- Beyond Meat will sell its plant-based burgers at more than 280 Safeway supermarkets in California, Hawaii and Nevada, according to Bloomberg.
- The company, which boasts Bill Gates, General Mills and Tyson Foods among its investors, has offered the Beyond Burger at Whole Foods locations and a few restaurants for a little more than a year.
- Ethan Brown, the chief executive officer of Beyond Meat, said the product has sold well at Whole Foods but getting into a conventional grocery chain marks a turning point for the company. “It’s a really important step in terms of reframing how we think about meat,” the 45-year-old told Bloomberg.
The next generation of vegan burgers, led by Beyond Meat’s Beyond Burger, has taken another step toward the mainstream with its foray into major retailer, Safeway.
Unlike Whole Foods, which is known for its healthy and vegan-friendly choices, the appearance of the Beyond Burger inside the meat aisle of Safeway is proof that more people are starting to see it as a strong alternative to meat and retailers believe there’s money to be made in the category. It's also further evidence that Beyond Meat, Impossible Foods and other makers of plant-based burgers are close to replicating the taste, texture and smell of meat if the product is primed to go head-to-head with traditional meat.
One area where they fall short, for now, is in price — a challenge plant-based companies are confident will become less of an issue as more production comes online. Beyond Meat sells its burger in the meat section at Whole Foods with two quarter-pound burgers averaging $5.99, significantly more than high-end premium burgers like grass-fed organic beef. It's uncertain how much the product will sell for at Safeway, but a higher price could deter more shoppers from trying the product or returning to buy it after an initial purchase.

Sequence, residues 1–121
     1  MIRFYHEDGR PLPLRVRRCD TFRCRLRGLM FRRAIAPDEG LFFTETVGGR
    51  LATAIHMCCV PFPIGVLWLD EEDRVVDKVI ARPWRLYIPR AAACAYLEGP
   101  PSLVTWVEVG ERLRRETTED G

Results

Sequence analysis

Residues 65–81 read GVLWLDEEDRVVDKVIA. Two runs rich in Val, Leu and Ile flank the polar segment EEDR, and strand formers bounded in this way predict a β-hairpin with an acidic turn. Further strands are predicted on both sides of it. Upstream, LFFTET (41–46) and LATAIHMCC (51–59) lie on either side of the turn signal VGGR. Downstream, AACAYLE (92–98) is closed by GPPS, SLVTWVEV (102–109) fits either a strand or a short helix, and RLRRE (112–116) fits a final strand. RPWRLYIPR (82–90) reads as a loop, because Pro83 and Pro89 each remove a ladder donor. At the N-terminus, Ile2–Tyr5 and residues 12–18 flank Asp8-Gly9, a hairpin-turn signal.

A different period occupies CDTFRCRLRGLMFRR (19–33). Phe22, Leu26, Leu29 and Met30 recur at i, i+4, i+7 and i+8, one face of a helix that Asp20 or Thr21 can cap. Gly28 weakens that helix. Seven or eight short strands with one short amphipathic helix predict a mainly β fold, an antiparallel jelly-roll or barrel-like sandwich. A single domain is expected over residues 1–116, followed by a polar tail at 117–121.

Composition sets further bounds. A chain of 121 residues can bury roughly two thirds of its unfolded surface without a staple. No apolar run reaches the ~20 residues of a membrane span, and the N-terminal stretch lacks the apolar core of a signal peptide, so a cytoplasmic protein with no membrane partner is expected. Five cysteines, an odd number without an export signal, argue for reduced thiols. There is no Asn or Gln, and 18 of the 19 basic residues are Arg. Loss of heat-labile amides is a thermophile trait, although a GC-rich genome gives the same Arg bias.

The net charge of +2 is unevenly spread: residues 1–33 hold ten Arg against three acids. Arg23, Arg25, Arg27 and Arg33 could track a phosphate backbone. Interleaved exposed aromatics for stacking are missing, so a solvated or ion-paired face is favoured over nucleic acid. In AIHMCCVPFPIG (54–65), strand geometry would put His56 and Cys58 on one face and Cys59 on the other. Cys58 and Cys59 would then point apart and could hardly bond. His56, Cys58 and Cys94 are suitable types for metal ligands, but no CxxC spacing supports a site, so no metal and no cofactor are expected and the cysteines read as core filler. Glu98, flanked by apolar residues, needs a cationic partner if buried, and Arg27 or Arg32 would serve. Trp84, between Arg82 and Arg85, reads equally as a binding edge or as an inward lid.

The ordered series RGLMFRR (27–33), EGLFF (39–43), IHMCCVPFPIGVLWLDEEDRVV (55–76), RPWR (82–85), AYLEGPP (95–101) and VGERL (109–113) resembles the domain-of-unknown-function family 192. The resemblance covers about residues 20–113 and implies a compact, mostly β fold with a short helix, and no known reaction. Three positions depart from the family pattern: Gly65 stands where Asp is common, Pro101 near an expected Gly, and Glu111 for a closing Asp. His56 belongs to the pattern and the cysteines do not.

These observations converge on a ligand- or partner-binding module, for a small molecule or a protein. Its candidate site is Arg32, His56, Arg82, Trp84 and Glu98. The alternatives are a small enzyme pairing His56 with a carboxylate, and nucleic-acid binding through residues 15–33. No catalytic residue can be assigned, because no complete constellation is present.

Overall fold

Roughly 7.3 billion pounds of ground beef was acquired by food service operators and sold by stores with revenue of more than $2 million in 2016, according to industry data. Manufacturers of plant-based meat products are hopeful if they can capture even a small fraction of those totals, they will be a major player in the food space. To be successful, they will need to convince meat lovers to ditch their animal-based beef in favor of a new alternative.
According to a report by Mintel, 31% of Americans are now practicing “meat free” days, boosting popularity of alternative protein sources, such as these alt-meat products. The report revealed that many consumers who purchase alternative proteins do so because they are watching their cholesterol (30%) or want to reduce their intake of saturated fats (29%).
Before the Safeway announcement, Will Schafer, Beyond Meat's vice president of marketing, told Food Dive that discussions are ongoing with other "household-name retailers" to carry the product. With early success at Whole Foods and now an appearance in nearly 300 Safeway locations, it wouldn't be a surprise to see more retailers carrying the plant-based burger.